Brave New World sold more than fifteen thousand copies in its first year and has been in print ever since. It has joined the ranks of utopian/dystopian satires such as Jonathan Swift’s Gulliver’s Travels (1726) and George Orwell’s Animal Farm (1945). The author himself has said that he wanted to warn against the conditioning of human beings by a manager class with the latest technology at its fingertips. Humanity could lose its soul through such a process, Aldous Huxley feared, trading in its unique qualities in exchange for security and for drugged and directed “happiness.”
There cannot have been a year since its publication in which this novel has not been compared to the present condition of humanity and found to be a perspicacious guess at the shape of things to come. Huxley, for example, did not exactly predict television, but he foresaw other means of mass hypnosis.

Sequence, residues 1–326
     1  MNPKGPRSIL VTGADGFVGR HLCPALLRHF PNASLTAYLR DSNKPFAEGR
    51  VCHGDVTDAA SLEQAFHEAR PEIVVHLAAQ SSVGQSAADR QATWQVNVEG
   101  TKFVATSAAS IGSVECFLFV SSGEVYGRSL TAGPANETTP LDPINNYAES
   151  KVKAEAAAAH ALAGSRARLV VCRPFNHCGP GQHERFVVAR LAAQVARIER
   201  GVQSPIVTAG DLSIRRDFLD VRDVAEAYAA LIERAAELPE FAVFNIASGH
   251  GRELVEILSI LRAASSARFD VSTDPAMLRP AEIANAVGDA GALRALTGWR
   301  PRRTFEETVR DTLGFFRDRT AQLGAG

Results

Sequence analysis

An ingenious and persuasive writer, Huxley renders his analogue quite credibly, although requirements of his genre necessitated more conflict than would be plausible in a state as well managed as the one the novel presents. The characters for the most part think too much like Huxley and too...
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